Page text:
The Growth of Form-Based Codes in Michigan Zoning

            In Michigan the governmental regulation of land use is largely achieved through the Michigan Zoning Enabling Act, (“MZEA”), MCL 125.3101, et seq.  The MZEA allows local municipalities to adopt zoning ordinances which regulate the physical appearance and use of property within their jurisdiction.  For decades zoning ordinances adopted pursuant to the MZEA or its predecessors focused primarily on regulating the use of property, and not necessarily on the physical form of the property and its buildings.  Over the past two decades there has been a slow and gradual shift from use-based zoning to zoning based on the physical form of property, especially in downtown areas.


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Court rules that Michigan HOA cannot collect assessments after restrictive covenant expires

In Deghetto v Beaumont’s Seven Harbors White and Duck Lack Association, issued June 22, 2017 (Docket No. 330972) (Unpublished Opinion), the Michigan Court of Appeals recently ruled that a homeowners’ association could not continue to collect assessments after the restrictive covenant expired.

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In Case of First Impression, Michigan Court of Appeals Rules that Foreclosure by Advertisement Sale Surplus Funds Must Be Distributed According to Priority of Interests in the Foreclosed Property

On May 9, 2017, the Michigan Court of Appeals issued an opinion in ‘In re $55,336.17 Surplus Funds.  The Surplus Fund case is important as the Court was called on to interpret the procedure for distributing foreclosure sale surplus funds and determining the priority of parties claiming an interest in the surplus funds.

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Paragon Properties: The Rule of Finality in Challenging Municipal Land Use Decisions


            The relationship between municipalities and land developers is often one of compromise, with each attempting to find some middle-ground in order to move forward on a particular project.  In many instances, however, the municipality and developer are unable to reach such a compromise and the parties find that their positions are irreconcilable.  In such instances the developer may believe that their only next viable option is to seek redress in the court system.  But before doing so, it is important that a developer recognize the limitations on judicial review of land use decisions by a municipality.  Specifically, if a developer does not satisfy the “rule of finality,” the developer may find that they have no right to seek a judicial remedy at all.  The rule of finality helps to ensure that a municipality is given an opportunity to make a final decision on the matter before it.  Without such a final opportunity, judicial review is not available.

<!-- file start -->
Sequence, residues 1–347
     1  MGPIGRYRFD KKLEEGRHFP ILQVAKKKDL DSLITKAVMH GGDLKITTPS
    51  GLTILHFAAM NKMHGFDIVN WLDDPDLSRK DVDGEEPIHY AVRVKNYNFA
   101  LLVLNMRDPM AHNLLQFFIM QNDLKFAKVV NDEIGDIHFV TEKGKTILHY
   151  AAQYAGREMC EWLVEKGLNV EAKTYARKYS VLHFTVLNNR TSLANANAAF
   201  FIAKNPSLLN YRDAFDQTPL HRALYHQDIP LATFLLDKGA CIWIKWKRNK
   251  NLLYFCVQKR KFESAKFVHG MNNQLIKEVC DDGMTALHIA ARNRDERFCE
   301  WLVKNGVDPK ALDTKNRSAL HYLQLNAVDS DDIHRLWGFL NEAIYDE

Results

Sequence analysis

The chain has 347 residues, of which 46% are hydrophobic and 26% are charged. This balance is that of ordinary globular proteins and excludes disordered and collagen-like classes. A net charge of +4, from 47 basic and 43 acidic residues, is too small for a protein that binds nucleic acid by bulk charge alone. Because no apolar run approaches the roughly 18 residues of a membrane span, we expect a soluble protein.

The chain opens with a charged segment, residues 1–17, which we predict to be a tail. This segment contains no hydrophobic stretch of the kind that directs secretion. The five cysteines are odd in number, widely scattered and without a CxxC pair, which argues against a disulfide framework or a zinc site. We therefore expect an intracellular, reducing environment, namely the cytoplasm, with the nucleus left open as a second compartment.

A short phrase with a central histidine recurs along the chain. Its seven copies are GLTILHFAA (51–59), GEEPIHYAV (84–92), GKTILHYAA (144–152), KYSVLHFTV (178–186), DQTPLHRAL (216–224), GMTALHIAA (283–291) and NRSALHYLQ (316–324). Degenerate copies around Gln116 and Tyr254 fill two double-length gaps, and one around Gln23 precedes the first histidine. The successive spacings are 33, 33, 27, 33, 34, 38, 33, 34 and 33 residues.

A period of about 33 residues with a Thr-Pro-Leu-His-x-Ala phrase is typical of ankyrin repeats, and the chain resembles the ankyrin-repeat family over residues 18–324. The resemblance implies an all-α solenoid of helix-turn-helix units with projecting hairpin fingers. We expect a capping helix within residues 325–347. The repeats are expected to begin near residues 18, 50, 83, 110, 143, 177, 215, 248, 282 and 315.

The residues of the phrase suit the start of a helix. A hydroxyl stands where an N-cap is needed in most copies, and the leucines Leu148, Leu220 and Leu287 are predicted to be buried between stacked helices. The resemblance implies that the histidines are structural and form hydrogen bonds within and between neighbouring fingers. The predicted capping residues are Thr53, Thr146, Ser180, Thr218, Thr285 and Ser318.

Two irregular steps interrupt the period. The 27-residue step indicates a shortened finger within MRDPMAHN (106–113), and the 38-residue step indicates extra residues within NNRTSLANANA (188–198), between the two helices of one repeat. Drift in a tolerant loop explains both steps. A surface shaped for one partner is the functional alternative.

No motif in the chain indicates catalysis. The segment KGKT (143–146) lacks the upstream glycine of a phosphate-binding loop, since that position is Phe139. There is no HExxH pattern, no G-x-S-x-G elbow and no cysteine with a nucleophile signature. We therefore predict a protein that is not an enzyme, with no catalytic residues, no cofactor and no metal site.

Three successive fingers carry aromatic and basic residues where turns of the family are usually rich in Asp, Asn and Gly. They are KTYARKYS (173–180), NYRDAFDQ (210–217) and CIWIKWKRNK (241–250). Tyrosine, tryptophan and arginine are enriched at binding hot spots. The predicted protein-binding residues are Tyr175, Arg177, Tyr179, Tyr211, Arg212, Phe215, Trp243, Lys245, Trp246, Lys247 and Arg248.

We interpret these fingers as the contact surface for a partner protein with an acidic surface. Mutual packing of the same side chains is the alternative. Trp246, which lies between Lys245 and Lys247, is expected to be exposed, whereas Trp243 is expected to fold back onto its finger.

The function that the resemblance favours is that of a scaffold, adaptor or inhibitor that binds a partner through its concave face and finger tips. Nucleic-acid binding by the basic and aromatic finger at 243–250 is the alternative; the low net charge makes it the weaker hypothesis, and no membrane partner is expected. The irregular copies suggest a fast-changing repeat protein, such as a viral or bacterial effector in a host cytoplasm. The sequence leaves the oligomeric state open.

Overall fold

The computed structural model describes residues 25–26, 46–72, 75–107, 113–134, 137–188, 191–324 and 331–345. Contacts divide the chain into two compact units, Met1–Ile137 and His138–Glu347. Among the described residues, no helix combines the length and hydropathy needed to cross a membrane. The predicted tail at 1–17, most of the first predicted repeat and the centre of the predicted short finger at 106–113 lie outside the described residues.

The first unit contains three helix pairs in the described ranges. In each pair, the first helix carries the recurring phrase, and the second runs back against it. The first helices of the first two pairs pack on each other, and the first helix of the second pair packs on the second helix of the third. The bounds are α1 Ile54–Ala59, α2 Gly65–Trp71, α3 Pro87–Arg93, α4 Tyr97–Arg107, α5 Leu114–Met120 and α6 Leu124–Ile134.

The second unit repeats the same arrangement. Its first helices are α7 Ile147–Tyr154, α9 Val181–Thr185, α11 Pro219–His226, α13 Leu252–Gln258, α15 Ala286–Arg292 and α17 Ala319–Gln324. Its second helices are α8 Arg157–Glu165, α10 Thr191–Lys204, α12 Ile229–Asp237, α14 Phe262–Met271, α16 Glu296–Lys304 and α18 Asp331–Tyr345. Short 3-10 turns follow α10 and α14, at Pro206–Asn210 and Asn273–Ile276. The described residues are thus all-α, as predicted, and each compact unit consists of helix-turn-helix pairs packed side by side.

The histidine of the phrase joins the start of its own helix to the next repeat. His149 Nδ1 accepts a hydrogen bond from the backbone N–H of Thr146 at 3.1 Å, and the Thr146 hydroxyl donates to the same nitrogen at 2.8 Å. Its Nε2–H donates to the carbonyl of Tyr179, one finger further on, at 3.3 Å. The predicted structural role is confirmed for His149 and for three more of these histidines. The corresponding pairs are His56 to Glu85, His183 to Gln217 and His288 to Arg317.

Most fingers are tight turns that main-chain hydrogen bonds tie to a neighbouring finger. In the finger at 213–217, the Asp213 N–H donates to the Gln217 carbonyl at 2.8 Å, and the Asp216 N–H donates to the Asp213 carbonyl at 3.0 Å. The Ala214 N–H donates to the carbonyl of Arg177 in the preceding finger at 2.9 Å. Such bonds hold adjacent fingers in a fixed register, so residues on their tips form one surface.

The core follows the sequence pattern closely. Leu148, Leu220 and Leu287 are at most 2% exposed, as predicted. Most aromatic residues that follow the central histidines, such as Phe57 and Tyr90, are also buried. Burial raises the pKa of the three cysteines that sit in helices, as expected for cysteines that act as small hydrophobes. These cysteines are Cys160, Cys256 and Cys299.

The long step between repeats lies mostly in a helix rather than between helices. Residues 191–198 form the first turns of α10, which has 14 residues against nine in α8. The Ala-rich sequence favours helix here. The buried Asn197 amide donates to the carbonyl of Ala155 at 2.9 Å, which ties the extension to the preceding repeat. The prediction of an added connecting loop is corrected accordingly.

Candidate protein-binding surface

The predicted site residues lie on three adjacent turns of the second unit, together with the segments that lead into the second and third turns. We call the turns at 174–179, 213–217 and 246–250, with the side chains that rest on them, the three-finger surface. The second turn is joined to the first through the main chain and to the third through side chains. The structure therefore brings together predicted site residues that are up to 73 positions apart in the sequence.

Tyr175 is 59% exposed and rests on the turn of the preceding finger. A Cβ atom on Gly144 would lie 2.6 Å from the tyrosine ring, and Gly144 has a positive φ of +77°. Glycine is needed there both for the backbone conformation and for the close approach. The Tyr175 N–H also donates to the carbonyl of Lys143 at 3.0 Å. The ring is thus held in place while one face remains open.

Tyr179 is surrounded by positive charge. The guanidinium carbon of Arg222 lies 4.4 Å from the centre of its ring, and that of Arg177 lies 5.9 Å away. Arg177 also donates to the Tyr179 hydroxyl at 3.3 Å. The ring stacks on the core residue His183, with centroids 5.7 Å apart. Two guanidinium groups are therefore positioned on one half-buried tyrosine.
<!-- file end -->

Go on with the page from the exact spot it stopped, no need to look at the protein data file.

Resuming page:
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What is a Personal Guaranty and Why is It Important with a Commercial Lease?



At some point in their lives, most adults have signed a lease agreement, whether it be the leasing of an automobile, an apartment on campus while attending college or renting a home. Since most of these leases are standard forms offered on a “take it or leave it” basis by the lessor or landlord, negotiating the base rent and term of the lease is typically the main and only focus for the lessee.

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Michigan Court Reaffirms Mortgagor’s Right to Contest Validity of Foreclosure by Advertisement in Summary Proceeding Action

On January 12, 2017, the Michigan Court of Appeals issued an unpublished opinion in the matter of JPMorgan Chase Bank v Zair.  The Zair case is important as a reminder that a mortgagor may, for the first time in any proceedings, contest the validity of the foreclosure by advertisement sale in the summary proceeding.


The case involves real property located in West Bloomfield.   Defendants Kays Zair and Patrice Zair (“Zair”) were the record title owners of the real property and executed a promissory note and mortgage against the property in favor of Peoples State Bank in April of 2002 (“Peoples mortgage”).  In December of 2006, the Zairs executed a promissory note and mortgage in favor of JPMorgan Chase Bank (“JPMorgan mortgage”).  JPMorgan Chase claimed that a subordination agreement was entered into between Peoples State Bank and JPMorgan Chase Bank so that the Peoples mortgage was made subordinate to the JPMorgan mortgage, placing the JPMorgan mortgage in a first/senior lien position against the property.

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House Bill 4463: Proposed Law Would Allow LLC’s to Pursue Landlord/Tenant Evictions without an Attorney

On March 30, 2017, Representatives VanSingel, Lucido, Sheppard, Webber, Howrylak and
Calley proposed House Bill 4463, which would amend MCL 600.101, et seq. by including a new section 5707.  Under current Michigan law, a limited liability company (“LLC”) is required to be represented by an attorney for any landlord/tenant matters.  The proposed law would allow single member LLCs (or two member LLCs if the two members are married) to handle evictions without requiring an attorney under certain circumstances.

First, the amount in dispute could not exceed the limit for small claims matters [currently $5,500].  Thus, if the damages exceeded $5,500 then an attorney would still be required.  Second, the LLC may only be represented by a member, a property manager or other agent with direct and personal knowledge of the facts in the complaint.

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